Terms of Disneyland Magic Key Lawsuit Settlement Revealed

Magic Key

The terms of a lawsuit involving Disneyland Magic Key holders that had Dream Key have been revealed. This comes as a settlement has been reached between Disney and Jenale Nielsen, a Dream Key holder who filed the lawsuit in 2021. This came after Nielsen believed that Disney did not follow through with the terms of the her Dream Key, specifically regarding blockout dates. She believed she was decieved into thinking that she would have unlimited access to the parks with her Dream Key but the reservation system made this not possible.

The terms of the deal are as follows:

  • Disney has agreed to settle this lawsuit for $9.5 million
  • The settlement fund covers 103,435 Dream Key holders
  • This means that each Dream Key holder will receive approximately $67.41
  • Claim submissions by Dream Key holders are not required.
  • An email will go out at a later date to those who are eligible at a later date
Sleeping Beauty Castle - Disneyland

The class-wide settlement was for the federal lawsuit (initially filed at the state level) that accused Disney of deceiving those who purchased the top tier Magic Key into thinking they would have unlimited access to the parks. In reality, because of the reservation system, they could find days that were already “full” because of tickets being sold. The lawsuit accuses Disney of favoring daily ticket sales over reservation space for the Magic Key holders in question.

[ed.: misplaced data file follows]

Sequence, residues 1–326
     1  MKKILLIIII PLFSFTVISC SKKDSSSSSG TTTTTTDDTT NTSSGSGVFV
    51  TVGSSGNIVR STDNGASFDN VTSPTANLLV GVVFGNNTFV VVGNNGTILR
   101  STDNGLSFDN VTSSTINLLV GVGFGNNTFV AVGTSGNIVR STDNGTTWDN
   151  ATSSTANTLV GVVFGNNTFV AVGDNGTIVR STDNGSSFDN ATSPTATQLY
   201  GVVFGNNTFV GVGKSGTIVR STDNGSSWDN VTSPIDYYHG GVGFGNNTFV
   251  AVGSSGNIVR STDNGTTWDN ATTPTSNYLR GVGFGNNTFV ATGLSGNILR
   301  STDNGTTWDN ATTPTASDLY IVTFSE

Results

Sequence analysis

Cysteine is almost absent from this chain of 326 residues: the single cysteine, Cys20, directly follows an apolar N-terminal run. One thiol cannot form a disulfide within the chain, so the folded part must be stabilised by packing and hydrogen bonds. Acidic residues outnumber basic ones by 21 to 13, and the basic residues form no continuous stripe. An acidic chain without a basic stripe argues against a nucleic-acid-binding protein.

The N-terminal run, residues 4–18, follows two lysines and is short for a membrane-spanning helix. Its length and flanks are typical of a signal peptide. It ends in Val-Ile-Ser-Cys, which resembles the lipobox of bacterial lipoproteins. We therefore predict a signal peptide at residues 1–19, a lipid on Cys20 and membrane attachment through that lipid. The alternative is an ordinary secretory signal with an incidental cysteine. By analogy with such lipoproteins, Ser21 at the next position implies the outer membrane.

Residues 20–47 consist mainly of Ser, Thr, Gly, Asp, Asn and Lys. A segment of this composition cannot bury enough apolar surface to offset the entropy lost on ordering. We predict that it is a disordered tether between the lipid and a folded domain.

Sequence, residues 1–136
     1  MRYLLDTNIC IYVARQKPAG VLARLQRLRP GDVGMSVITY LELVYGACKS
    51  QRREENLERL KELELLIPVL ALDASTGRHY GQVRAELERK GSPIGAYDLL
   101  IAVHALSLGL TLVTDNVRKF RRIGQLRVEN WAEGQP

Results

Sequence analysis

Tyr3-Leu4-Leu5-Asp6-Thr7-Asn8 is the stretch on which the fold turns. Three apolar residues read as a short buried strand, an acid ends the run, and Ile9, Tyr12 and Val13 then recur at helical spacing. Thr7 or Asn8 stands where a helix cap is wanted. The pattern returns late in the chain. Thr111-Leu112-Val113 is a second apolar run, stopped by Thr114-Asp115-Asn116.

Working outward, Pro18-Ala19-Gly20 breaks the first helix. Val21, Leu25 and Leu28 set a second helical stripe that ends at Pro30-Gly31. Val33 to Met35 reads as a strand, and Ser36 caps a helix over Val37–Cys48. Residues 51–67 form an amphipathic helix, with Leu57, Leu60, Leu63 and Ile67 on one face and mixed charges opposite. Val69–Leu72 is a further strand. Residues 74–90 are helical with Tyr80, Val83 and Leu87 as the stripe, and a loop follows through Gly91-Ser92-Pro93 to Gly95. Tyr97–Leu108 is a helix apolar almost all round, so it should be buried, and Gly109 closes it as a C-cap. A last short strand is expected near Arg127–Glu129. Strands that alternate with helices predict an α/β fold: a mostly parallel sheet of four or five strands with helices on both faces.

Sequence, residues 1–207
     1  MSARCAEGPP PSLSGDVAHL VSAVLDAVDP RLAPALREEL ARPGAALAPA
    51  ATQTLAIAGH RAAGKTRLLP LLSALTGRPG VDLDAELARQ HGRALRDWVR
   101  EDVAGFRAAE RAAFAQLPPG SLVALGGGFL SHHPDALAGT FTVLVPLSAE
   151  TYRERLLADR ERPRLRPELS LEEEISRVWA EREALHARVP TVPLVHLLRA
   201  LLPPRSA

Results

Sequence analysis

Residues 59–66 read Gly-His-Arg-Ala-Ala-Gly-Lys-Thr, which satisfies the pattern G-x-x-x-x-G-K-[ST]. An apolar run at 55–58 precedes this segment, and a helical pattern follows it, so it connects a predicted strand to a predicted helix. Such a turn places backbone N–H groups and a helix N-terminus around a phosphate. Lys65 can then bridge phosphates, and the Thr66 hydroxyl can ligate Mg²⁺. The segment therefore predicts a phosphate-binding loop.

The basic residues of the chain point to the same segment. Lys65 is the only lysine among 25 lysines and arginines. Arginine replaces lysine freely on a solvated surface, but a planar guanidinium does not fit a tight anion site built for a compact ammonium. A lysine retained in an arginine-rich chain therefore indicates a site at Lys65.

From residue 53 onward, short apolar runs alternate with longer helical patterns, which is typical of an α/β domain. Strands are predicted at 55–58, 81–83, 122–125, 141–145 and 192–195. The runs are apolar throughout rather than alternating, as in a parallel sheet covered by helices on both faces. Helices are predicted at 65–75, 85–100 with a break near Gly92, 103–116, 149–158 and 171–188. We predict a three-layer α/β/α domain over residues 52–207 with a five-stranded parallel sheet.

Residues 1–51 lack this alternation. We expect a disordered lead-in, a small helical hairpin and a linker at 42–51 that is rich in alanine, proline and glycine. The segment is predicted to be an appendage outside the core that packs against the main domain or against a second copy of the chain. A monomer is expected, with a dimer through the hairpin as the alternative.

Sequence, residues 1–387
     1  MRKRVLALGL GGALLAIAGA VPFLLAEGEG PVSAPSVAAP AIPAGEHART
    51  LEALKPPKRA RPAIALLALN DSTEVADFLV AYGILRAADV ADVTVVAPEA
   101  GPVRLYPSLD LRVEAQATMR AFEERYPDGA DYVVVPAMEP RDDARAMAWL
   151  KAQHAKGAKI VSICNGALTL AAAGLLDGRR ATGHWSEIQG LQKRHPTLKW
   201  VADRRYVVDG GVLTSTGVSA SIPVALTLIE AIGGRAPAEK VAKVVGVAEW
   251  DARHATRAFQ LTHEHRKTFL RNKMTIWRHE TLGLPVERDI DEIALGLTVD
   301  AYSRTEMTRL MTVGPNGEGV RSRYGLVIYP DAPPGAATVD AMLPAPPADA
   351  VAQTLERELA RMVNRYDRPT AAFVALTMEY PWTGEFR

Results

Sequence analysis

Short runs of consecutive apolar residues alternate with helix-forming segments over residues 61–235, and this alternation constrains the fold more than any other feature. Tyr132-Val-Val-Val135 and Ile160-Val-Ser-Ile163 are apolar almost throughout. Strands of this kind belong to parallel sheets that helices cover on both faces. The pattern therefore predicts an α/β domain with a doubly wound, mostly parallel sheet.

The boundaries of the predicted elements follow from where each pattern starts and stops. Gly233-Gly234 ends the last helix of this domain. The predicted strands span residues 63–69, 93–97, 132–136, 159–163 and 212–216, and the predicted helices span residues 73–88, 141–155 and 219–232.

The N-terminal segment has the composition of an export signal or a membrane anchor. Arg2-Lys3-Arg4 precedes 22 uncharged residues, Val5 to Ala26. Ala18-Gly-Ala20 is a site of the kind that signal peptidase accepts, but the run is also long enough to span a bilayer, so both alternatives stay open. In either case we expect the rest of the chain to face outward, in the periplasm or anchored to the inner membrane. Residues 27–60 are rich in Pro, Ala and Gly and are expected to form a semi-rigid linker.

Jenale Nielsen, who sued Disney on behalf of all Dream Key holders (this pass was discontinued in favor of the Inspire Key), filed notice of the agreement in July in U.S. District Court. Now that the details of the settlement have been figured out, they will be approved by the court.

“We are satisfied that this matter has been resolved,” Disney said in a statement released regarding the matter to The Los Angeles Times in July. The company did not respond to any questions regarding specifics of the resolution or the dollar amount for the settlement. Lawyers for Nielsen did not respond to requests for comments either.

The lawsuit was filed in 2021 by Nielsen after purchasing a  $1,399 Dream Key pass. This was the top-tier Magic Key offering. The Magic Key program replaced the Annual Pass program that had been popular with fans for decades. Nielsen said that she believed that she could visit the Disneyland Resort parks on any given day that she chose. This was because of how Disney promoted the Dream Key as having “no block-out dates.” However, due to the reservation system, Nielsen soon discovered that she could not get reservations or into the parks throughout most of the month of November. According to the lawsuit, this included every weekend throughout the month.

“As a frequent Disneyland visitor, Ms. Nielsen thought it unlikely that all tickets and/or reservations for both Disneyland and California Adventure had already been sold out for seventeen of the 30 calendar days in November 2021,” the suit says.

Nielsen checked the Disneyland website and allegedly discovered that single-day and multi-day tickets had reservations available on the days in question. These tickets cost more per visit, up to $224.